Running a ZPU program under simulation

When I was debugging the ZPUFlex CPU core, I found myself using the ever-useful SignalTap to trace what was going on inside the CPU.  One technique I wanted to use was to follow the program flow, and compare it against a simulated run through the program, thus spotting CPU bugs where the two diverged.  To do this I needed a ZPU simulator.

There are two already in existence that I know of:  Firstly, the one in the offical ZPU git repo, written in Java and requiring GDB to work.  There is, however, no pre-built GDB binary for the ZPU, so gettng this up and running will be a challenge.

The second pre-existing simulator is the ZPUino one.  This has some x86 assembly language in it, so can’t easily be built on a 64-bit Linux install, and is also tightly coupled to the ZPUino way of doing things.

Therefore, since I’d never written a CPU simulator before, I set about writing my own, and it’s now complete enough that it can run some of the demo apps from the ZPUDemos repo.  The simulator can be found here in source form:  https://github.com/robinsonb5/ZPUSim

Let’s start in the time-honoured tradition with a Hello World example, and run the Apps/HelloWorld example from the ZPUDemos repository.

The ZPUFlex core has a number of options which significantly change its operation.  The simulator also has a few options which need to be set to match the CPU core:

The base address of the Stack RAM can be set in the core by way of VHDL generics, and it’s critical that this matches between the core and simulator.  This is done with the -o or -offsetstack options.  The ZPUDemos/RS232Bootstrap and ZPUDemos/SDBootstrap projects map the stack to 0x40000000, so stack addresses have bit 30 set, so we specify -o30.

If your code runs from a combined ROM / StackRAM and you’ve remapped the stack, then use the -b option.  This sets the initial program counter to the start of Stack RAM, rather than zero.

So let’s simulate a few instructions from ZPUDemos/Apps/HelloWorld:  (We use the -s parameter to set the number of steps to simulate)

> /path/to/zpusim -s10 -o30 Hello.bin

PC: 0    Op:b    SP: 40007ff8, 40007ff8    nop        0    0    ffffffff    ffffffff    ffffffff    ffffffff
PC: 1    Op:b    SP: 40007ff8, 40007ff8    nop        0    0    ffffffff    ffffffff    ffffffff    ffffffff
PC: 2    Op:b    SP: 40007ff8, 40007ff8    nop        0    0    ffffffff    ffffffff    ffffffff    ffffffff
PC: 3    Op:88    SP: 40007ff8, 40007ff4    im 8        8    0    0    ffffffff    ffffffff    ffffffff
PC: 4    Op:e5    SP: 40007ff4, 40007ff4    im (cont) 465        465    0    0    ffffffff    ffffffff    ffffffff
PC: 5    Op:4    SP: 40007ff4, 40007ff8    poppc        0    0    ffffffff    ffffffff    ffffffff    ffffffff
PC: 465    Op:88    SP: 40007ff8, 40007ff4    im 8        8    0    0    ffffffff    ffffffff    ffffffff
PC: 466    Op:da    SP: 40007ff4, 40007ff4    im (cont) 45a        45a    0    0    ffffffff    ffffffff    ffffffff
PC: 467    Op:b    SP: 40007ff4, 40007ff4    nop        45a    0    0    ffffffff    ffffffff    ffffffff
PC: 468    Op:8c    SP: 40007ff4, 40007ff0    im c        c    45a    0    0    ffffffff    ffffffff
PC: 469    Op:ab    SP: 40007ff0, 40007ff0    im (cont) 62b        62b    45a    0    0    ffffffff    ffffffff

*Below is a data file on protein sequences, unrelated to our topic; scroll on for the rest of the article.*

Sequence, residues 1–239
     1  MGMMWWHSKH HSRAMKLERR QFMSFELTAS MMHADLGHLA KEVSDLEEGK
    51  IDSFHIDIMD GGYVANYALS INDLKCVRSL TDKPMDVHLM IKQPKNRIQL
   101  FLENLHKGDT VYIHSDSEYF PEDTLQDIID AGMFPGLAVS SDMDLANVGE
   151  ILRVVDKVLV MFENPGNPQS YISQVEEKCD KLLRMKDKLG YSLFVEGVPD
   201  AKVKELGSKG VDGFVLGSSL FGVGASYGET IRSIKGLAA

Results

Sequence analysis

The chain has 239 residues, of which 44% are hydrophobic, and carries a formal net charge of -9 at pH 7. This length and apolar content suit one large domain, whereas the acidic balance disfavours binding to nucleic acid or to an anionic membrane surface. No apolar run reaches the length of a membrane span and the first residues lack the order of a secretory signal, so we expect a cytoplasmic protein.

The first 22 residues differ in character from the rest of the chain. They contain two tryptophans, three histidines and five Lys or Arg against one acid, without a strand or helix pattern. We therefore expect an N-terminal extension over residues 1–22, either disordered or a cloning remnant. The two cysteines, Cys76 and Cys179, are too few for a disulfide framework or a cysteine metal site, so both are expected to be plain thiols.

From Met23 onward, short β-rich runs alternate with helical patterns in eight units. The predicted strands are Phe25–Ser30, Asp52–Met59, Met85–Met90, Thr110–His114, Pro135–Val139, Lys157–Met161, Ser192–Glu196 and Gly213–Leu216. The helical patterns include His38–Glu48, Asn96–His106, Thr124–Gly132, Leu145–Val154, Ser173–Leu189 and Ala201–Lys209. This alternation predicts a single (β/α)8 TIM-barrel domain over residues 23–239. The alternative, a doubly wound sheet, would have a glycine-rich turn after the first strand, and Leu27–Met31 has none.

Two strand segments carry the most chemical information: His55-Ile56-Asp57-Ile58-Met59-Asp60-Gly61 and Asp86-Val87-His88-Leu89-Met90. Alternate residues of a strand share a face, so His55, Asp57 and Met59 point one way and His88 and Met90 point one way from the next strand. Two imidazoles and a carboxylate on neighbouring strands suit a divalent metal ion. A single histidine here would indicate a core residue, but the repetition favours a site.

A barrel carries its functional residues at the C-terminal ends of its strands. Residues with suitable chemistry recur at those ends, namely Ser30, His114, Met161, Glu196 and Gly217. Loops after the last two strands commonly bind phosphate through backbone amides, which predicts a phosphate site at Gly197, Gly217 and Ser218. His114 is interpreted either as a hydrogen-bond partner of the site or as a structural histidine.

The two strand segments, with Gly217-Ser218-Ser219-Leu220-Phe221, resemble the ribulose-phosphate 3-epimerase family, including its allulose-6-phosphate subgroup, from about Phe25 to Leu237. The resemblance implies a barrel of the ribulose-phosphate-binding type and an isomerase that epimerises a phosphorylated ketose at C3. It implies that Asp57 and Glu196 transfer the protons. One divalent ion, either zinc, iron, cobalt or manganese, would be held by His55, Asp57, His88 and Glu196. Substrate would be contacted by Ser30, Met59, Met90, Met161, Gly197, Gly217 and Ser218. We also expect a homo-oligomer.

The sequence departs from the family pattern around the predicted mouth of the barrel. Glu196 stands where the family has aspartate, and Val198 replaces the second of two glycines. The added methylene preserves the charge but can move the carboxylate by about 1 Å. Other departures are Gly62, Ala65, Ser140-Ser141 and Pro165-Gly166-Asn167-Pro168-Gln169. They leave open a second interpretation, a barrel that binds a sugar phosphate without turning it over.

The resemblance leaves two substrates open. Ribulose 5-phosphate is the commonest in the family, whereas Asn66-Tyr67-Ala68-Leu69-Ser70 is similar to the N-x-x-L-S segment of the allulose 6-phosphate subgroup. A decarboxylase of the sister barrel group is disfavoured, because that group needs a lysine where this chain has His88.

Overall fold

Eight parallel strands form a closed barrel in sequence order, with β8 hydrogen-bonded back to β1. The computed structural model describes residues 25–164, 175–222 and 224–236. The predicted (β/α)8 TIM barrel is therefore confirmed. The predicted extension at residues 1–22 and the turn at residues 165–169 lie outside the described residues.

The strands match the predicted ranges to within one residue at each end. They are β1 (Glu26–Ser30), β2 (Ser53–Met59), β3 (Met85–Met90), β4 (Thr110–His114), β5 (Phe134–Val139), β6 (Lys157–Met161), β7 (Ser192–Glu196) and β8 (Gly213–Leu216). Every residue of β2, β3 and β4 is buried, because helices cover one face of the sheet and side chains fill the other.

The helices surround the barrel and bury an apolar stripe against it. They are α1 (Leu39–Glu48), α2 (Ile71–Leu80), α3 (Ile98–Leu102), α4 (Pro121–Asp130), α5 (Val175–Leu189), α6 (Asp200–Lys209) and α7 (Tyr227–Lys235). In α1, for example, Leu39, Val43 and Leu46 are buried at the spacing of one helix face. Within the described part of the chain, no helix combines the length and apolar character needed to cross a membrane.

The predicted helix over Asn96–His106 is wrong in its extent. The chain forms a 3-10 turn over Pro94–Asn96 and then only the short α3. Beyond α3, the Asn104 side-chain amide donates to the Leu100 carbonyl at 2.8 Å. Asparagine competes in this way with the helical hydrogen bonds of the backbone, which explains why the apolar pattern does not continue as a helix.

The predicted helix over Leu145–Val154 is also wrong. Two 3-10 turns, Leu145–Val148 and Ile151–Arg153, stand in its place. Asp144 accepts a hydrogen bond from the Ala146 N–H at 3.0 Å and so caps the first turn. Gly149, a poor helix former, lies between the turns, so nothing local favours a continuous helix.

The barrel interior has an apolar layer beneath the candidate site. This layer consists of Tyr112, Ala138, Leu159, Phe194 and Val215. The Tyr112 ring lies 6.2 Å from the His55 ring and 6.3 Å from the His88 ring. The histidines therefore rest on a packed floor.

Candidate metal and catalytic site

PC: 46a    Op:4    SP: 40007ff0, 40007ff4    poppc        45a    0    0    ffffffff    ffffffff    ffffffff
PC: 62b    Op:fd    SP: 40007ff4, 40007ff0    im 7d        fffffffd    45a    0    0    ffffffff    ffffffff
PC: 62c    Op:3d    SP: 40007ff0, 40007ff0    pushspadd         40007fe4    45a    0    0    ffffffff    ffffffff
PC: 62d    Op:d    SP: 40007ff0, 40007fe4    popsp        0    0    0    40007fe4    45a    0
PC: 62e    Op:91    SP: 40007fe4, 40007fe0    im 11        11    0    0    0    40007fe4    45a
PC: 62f    Op:d8    SP: 40007fe0, 40007fe0    im (cont) 8d8        8d8    0    0    0    40007fe4    45a
PC: 630    Op:51    SP: 40007fe0, 40007fe4    storesp 1        8d8    0    0    40007fe4    45a    0
PC: 631    Op:fd    SP: 40007fe4, 40007fe0    im 7d        fffffffd    8d8    0    0    40007fe4    45a
PC: 632    Op:9f    SP: 40007fe0, 40007fe0    im (cont) fffffe9f        fffffe9f    8d8    0    0    40007fe4    45a
PC: 633    Op:3f    SP: 40007fe0, 40007fdc    emulate 1f        634    fffffe9f    8d8    0    0    40007fe4

Each line shows the current program counter, the opcode, the stack pointer before and after the intsruction, the instruction itself, then the top six stack entries after the instruction has taken effect.

If we remove the -s parameter, we tell the simulator to run indefinitely, which results in the following output:

...
PC: 5c9	Op:d	SP: 40007f98, 40007f94	popsp		40007f98	40007f94	5b0	48	0	0
PC: 5ca	Op:73	SP: 40007f94, 40007f90	loadsp 3		48	40007f98	40007f94	5b0	48	0
PC: 5cb	Op:52	SP: 40007f90, 40007f94	storesp 2		40007f98	48	5b0	48	0	0
PC: 5cc	Op:c0	SP: 40007f94, 40007f90	im 40		ffffffc0	40007f98	48	5b0	48	0

Reading from UART

The puts() routine in the firmware reads from the UART to check that the TX is available; the simulator currently waits for user input every time the register is read, so we need to supply some data. The easiest way to this is just to add “ > /path/to/zpusim -o30 Hello.bin </dev/zero

Now the simulator spews massive amounts of output to the terminal, which isn’t all that useful if we’re not trying to trace through a specific routine. It’s possible to separate the program trace and the program’s output, however; characters written to the UART are sent to stdout, while everything else goes to stderr – so if we add “2>/dev/null” to the command line, the output is reduced to something more manageable:

> /path/to/zpusim -o30 Hello.bin </dev/zero 2>/dev/null
Hello, world!
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